The beauty of worker cooperatives is that they are rooted in the local community. They don't downsize or outsource and most of the wealth they create stays in the local community boosting its health and wellbeing and quality of life. This is why everyone on the left needs to get behind building economic democracy.
So what has this got to do with the 2019 election? A lot. We are now faced with another five years of Tory government and probably a hard Brexit. The assault on the unemployed and disabled will continue. Rough sleeping will continue to grow. The economy will struggle and may go into recession. There will continue to be a hostile environment for migrants and nothing will be done about the climate crisis.
To deal with this We need a two-pronged approach working to elect a radical Labour government in 2024, and building community support from the grassroots upwards. At a community level, this means mutual aid - solidarity not charity. But it isn't just about providing food, clothing, and shelter for the victims of this government. It's about creating meaningful jobs and building homes. It's about recreating and rebuilding the commons. We can do these things ourselves and it's already happening.
To really make this take off we need help. Finance is a major issue. Whilst some projects can be realised through crowdfunding others will require financial support. This is where local councils come in, and despite the fact that they have had budgets slashed by the Conservatives there are still many things that councils can do to support local groups and build community wealth, which is why it's important to elect as many Labour councillors as possible. We need to ensure that councils are following, where possible, The Preston Model of community wealth building.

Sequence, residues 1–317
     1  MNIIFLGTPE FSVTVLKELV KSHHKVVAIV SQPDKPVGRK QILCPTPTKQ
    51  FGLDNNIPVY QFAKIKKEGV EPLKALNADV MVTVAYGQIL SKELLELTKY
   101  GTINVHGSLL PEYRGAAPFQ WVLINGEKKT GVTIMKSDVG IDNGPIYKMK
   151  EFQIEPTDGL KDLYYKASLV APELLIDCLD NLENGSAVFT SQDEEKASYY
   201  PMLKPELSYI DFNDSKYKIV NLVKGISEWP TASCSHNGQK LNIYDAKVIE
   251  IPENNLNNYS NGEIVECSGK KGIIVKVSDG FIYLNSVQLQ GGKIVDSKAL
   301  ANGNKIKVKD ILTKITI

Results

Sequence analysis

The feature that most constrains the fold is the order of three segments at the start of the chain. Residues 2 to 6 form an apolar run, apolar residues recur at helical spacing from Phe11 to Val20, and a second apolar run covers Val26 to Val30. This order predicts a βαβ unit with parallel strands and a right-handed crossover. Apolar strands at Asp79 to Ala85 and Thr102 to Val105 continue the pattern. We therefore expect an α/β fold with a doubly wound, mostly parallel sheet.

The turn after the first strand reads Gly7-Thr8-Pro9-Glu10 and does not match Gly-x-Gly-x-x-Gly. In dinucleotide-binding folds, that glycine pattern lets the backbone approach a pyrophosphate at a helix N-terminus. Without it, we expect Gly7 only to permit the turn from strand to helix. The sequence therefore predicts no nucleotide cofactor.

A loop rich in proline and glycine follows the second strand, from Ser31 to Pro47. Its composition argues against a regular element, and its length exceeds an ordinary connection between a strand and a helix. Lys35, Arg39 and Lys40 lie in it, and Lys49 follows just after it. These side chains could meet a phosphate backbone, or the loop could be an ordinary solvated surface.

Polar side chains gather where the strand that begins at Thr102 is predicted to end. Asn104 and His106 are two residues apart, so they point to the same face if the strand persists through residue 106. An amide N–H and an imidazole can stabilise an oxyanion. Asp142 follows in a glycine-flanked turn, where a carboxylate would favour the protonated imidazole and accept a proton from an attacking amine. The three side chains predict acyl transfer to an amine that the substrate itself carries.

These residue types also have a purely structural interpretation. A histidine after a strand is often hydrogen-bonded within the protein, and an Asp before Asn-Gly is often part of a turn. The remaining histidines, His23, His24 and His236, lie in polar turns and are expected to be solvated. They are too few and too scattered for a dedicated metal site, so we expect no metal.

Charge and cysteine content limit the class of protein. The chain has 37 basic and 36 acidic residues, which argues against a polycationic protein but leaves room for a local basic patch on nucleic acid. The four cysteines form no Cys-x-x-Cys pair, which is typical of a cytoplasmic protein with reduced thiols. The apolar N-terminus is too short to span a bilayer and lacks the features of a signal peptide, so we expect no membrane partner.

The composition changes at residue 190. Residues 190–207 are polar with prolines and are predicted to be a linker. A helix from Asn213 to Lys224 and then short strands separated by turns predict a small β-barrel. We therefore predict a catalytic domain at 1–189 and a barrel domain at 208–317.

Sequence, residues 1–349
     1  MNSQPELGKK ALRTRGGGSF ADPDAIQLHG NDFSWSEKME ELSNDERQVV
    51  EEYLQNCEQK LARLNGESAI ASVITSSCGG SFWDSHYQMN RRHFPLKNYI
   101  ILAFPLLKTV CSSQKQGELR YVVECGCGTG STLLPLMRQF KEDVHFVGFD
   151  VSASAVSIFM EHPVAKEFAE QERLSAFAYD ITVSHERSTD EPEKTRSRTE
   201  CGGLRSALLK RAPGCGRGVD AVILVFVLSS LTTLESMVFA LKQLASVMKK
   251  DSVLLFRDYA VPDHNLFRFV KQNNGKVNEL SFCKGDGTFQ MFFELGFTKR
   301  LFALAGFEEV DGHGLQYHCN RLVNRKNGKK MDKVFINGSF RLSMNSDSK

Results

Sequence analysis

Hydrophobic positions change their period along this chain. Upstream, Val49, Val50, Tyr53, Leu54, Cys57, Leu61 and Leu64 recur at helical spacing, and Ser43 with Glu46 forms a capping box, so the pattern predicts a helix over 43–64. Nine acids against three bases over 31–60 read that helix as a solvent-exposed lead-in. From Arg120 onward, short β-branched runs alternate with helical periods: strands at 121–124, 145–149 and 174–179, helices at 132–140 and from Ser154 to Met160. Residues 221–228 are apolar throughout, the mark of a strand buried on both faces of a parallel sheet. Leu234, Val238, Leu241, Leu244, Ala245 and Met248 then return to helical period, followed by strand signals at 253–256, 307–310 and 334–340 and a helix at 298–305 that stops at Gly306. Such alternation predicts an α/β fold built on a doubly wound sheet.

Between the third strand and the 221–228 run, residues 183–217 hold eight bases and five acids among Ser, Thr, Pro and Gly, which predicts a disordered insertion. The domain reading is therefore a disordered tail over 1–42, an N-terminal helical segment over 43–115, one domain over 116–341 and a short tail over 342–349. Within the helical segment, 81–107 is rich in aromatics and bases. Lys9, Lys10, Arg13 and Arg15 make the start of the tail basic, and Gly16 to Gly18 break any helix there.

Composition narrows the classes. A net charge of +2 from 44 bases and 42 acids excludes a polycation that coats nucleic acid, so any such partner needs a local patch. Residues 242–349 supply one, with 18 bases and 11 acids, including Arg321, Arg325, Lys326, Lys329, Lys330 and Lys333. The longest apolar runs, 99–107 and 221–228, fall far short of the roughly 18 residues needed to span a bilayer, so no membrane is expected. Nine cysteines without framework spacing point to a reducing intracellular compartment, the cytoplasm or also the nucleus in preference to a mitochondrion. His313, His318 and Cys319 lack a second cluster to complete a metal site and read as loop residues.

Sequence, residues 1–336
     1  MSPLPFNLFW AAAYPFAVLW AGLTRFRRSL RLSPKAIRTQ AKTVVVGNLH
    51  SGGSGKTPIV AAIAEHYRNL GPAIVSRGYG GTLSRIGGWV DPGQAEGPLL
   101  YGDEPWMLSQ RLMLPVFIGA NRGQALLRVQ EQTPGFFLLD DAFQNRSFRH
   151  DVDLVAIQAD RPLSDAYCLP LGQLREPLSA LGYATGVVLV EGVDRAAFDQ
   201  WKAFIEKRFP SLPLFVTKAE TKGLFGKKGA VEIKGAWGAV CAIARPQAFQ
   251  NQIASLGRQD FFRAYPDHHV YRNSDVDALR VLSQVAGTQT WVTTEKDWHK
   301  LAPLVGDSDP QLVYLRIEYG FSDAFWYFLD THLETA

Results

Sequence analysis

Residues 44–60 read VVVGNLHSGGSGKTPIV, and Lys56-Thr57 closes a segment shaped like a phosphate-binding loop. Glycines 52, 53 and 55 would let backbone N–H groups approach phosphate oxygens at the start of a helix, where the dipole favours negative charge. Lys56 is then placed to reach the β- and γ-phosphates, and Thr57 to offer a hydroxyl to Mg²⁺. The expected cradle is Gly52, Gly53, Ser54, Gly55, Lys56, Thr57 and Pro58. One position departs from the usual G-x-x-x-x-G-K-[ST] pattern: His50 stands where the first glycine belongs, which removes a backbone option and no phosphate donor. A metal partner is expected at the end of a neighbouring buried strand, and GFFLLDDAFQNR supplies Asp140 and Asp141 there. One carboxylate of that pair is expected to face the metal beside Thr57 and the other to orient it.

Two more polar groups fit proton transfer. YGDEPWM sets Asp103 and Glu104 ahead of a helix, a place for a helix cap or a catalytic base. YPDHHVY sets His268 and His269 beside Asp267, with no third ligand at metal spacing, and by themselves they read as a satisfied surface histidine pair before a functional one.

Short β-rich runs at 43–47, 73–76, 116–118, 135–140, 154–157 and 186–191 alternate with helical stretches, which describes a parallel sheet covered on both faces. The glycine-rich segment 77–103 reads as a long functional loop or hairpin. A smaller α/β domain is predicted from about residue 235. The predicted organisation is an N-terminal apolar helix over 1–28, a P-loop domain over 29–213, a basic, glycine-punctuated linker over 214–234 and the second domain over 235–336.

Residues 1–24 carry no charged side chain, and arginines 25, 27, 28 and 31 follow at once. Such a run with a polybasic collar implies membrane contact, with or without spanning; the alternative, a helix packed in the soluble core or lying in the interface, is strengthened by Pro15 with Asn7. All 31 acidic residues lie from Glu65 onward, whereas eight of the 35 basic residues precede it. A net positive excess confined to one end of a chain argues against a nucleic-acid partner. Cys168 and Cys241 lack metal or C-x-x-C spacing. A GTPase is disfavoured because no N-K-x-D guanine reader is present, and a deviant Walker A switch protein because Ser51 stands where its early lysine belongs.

Councils can also help in the fight against the climate crisis. They can improve public transport systems and pedestrianise town centres. They can improve local recycling facilities, rewild council land, build energy-efficient housing and help set up community energy companies powered by green energy.
One example of community action from the UK is CAG Oxfordshire:
"Community Action Group (CAG) Oxfordshire consists of over 70, at the forefront of community led climate change action, organising events and projects to take action on issues including waste, transport, food, energy, biodiversity and social justice